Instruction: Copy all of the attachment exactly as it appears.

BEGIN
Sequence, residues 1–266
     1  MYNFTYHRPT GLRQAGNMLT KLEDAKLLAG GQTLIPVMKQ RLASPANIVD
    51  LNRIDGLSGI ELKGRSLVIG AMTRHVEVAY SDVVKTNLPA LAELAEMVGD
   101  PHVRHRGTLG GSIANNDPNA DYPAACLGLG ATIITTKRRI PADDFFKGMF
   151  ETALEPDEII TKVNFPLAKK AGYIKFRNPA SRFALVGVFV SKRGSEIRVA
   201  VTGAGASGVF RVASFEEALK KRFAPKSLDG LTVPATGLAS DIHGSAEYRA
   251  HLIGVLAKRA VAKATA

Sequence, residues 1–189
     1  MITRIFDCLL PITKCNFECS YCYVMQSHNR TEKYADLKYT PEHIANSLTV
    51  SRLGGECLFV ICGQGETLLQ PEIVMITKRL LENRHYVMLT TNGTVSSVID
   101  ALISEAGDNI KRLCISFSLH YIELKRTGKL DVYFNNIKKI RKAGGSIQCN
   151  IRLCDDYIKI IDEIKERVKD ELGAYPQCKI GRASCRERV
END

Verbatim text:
Sequence, residues 1–266
     1  MYNFTYHRPT GLRQAGNMLT KLEDAKLLAG GQTLIPVMKQ RLASPANIVD
    51  LNRIDGLSGI ELKGRSLVIG AMTRHVEVAY SDVVKTNLPA LAELAEMVGD
   101  PHVRHRGTLG GSIANNDPNA DYPAACLGLG ATIITTKRRI PADDFFKGMF
   151  ETALEPDEII TKVNFPLAKK AGYIKFRNPA SRFALVGVFV SKRGSEIRVA
   201  VTGAGASGVF RVASFEEALK KRFAPKSLDG LTVPATGLAS DIHGSAEYRA
   251  HLIGVLAKRA VAKATA

Sequence, residues 1–189
     1  MITRIFDCLL PITKCNFECS YCYVMQSHNR TEKYADLKYT PEHIANSLTV
    51  SRLGGECLFV ICGQGETLLQ PEIVMITKRL LENRHYVMLT TNGTVSSVID
   101  ALISEAGDNI KRLCISFSLH YIELKRTGKL DVYFNNIKKI RKAGGSIQCN
   151  IRLCDDYIKI IDEIKERVKD ELGAYPQCKI GRASCRERV